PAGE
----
#### Hide answer & extension

Let the first digit be \(a\) and the final digit be \(b\). The cost of the 72 turkeys (in pence) is \(10000a+6790+b\). This must be divisible by 72.

$$10000a+6790+b=(138\times 72+64)a+(94\times 72+22)+b$$
$$=(138a+94)\times 72+64a+22+b$$

\(10000a+6790+b\) is divisible by 72, so \(64a+22+b\) is divisible by 72. This means that \(b\) must be even (as 64,22,72 are all even). Let \(b=2c\).

Dividing by two, we find that \(32a+11+c\) is divisible by 36. \(c\) must be odd, so that \(32a+11+c\) is even. Let \(c=2d+1\) and so \(b=4d+2\).

Dividing by two again, we find that \(16a+6+d\) is divisible by 18. \(d\) must be even, so that \(16a+6+d\) is even. Let \(d=2e\) and so \(b=8e+2\). But \(b\) is a single digit number, so \(e=0\), \(b=2\) and \(16a+6\) is divisible by 18.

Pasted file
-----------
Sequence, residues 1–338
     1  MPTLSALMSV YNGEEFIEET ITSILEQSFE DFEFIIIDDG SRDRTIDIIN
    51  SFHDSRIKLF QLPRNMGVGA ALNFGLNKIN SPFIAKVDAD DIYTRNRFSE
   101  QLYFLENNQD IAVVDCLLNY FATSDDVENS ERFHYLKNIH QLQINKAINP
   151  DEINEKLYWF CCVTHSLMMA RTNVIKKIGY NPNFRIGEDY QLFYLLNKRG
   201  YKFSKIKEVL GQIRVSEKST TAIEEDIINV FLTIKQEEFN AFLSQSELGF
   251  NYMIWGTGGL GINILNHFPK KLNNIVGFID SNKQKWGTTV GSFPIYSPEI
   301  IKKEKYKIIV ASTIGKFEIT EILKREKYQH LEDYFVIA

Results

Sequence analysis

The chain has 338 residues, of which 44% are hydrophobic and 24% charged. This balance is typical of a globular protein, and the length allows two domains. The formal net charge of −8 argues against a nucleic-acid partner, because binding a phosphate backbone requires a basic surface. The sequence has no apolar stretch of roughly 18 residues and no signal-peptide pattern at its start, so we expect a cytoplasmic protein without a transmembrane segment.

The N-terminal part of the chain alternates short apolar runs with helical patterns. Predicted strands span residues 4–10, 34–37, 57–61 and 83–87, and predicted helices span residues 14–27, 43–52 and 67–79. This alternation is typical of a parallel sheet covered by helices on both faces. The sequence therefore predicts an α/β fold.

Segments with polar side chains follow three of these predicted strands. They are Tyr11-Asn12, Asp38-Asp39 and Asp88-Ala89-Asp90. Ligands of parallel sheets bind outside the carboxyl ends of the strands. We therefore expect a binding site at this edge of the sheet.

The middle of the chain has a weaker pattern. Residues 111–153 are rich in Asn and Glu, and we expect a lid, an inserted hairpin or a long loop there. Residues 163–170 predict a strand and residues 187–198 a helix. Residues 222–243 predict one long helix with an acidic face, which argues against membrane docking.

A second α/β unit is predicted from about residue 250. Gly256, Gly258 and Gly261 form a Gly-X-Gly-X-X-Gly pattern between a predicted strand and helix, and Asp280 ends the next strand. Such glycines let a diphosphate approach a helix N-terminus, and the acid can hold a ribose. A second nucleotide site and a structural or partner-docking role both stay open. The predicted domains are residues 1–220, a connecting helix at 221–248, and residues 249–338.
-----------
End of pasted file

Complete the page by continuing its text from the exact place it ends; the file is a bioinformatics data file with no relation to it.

Dividing by two yet again, we find that \(8a+3\) is divisible by 9. \(a\) must be divisible by 3. Let \(a=3f\).

Dividing by three, we find that \(8f+1\) is divisible by 3. \(8f+1=6f+2f+1\) so \(2f+1\) is divisible by 3. This will be true when \(f=1,4,7,10,...\). \(a\) must be a single digit, so \(f=1\) and \(a=3\). And so the price of the 72 turkeys is £367.92, and one turkey will cost £5.11.

#### Extension

Which numbers could 72 be replaced with in the original problem so that the problem still has a unique solution?